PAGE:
This review is for Moraine Campground. We liked this campground better than Glacier Basin 5 miles away. This place is very well maintained. The sites are clean and the trees are trimmed for easy maneuvering into the site. There are some sites long enough for 40-footers such as #245 where a 42-foot Beaver stayed for several days. There are several other sites for larger rigs but not too many will allow slide outs. The roads around the loops are fairly wide and well paved. About half the sites at Moraine have descent wind protection. Rangers, park employees and camp hosts drove the loops regularly making this campground in Rocky Mountain National Park a good and safe place to stay. I would definitely stay here again. We camped here in a Motorhome.
We camped at Moraine Park Campground (8160 ft). The campground is open year round. Reservations are available and highly recommended from late May to September 30. Camping fee $20/site/night during the reservation period. Water is on May 13-October 14, 2007. Fee after water is turned off is $14/site/night. This campsite was wonderful, firewood is available for a small fee ($5) and Ice Cream is available as well. We arrived during the bugling season for the elk (Sept-Oct)and it was amazing. Nice roads and wildlife all around (we had a group of elk within 30ft of the tent site for half a day). The site is beautiful with nice shade throughout any fairly quite. Additionally, the tent sites are not too close together. The site is fairly rustic, bring all necessary supplies or buy them before entering the park. We camped here in a Tent.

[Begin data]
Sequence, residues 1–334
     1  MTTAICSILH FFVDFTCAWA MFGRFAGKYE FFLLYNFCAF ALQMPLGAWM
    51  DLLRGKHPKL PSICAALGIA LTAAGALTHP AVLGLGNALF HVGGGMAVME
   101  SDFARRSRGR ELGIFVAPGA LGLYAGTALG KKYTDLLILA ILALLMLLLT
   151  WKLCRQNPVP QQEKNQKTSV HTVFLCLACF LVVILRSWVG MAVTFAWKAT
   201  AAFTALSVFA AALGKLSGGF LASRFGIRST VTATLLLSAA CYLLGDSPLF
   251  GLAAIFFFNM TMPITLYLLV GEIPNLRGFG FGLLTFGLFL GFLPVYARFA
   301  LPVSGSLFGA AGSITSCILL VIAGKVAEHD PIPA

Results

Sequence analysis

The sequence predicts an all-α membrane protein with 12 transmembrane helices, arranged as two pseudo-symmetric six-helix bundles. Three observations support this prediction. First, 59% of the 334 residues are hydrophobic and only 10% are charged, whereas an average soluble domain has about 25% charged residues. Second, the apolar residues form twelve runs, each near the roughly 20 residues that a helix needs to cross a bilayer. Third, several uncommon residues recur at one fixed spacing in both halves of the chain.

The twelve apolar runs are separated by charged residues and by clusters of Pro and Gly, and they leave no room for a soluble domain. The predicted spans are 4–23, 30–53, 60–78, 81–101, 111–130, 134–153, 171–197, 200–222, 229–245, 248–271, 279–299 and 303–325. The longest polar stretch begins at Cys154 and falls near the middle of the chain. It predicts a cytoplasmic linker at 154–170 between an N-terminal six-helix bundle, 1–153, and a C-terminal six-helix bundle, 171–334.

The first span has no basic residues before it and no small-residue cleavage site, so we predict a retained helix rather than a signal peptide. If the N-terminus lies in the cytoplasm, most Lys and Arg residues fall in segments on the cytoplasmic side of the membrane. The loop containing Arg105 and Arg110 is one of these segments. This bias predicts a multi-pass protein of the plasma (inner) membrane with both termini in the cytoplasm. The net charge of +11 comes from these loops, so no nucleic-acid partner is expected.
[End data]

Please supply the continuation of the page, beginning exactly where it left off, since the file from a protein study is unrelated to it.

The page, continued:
Still a nice campground even without the trees. The mountain pine beetles that have killed so many of the majestic tall straight pines trees in Colorado, have sadly struck here too. Over a couple years the various loops have been closed and the dead trees removed. The tallest trees left in the parking areas are at most 10-12 foot tall - but growing and healthy. During tree removal, it appears that the campground layout was changed to have fewer sites with more room between sites. I don't remember if the sites were asphalt before, but they are level. Most sites are back-in and available for tents or RVs, some sites are tent only set up for small groups, and some RV only sites are pull through. I enjoy ranger talks, but lightening cancelled the evening's program. On the nice night, a ranger gave a very informed and specific talk about geology of the tundra to the lower treed areas - very nice! Fortunately, the rainy night happened after the herd of at least a dozen female elk meandered through the campground with the lone male, and two babies. We watched for about an hour and one-half as the fire-rings provided an ash snack for the females. We will return. We camped here in a Travel Trailer.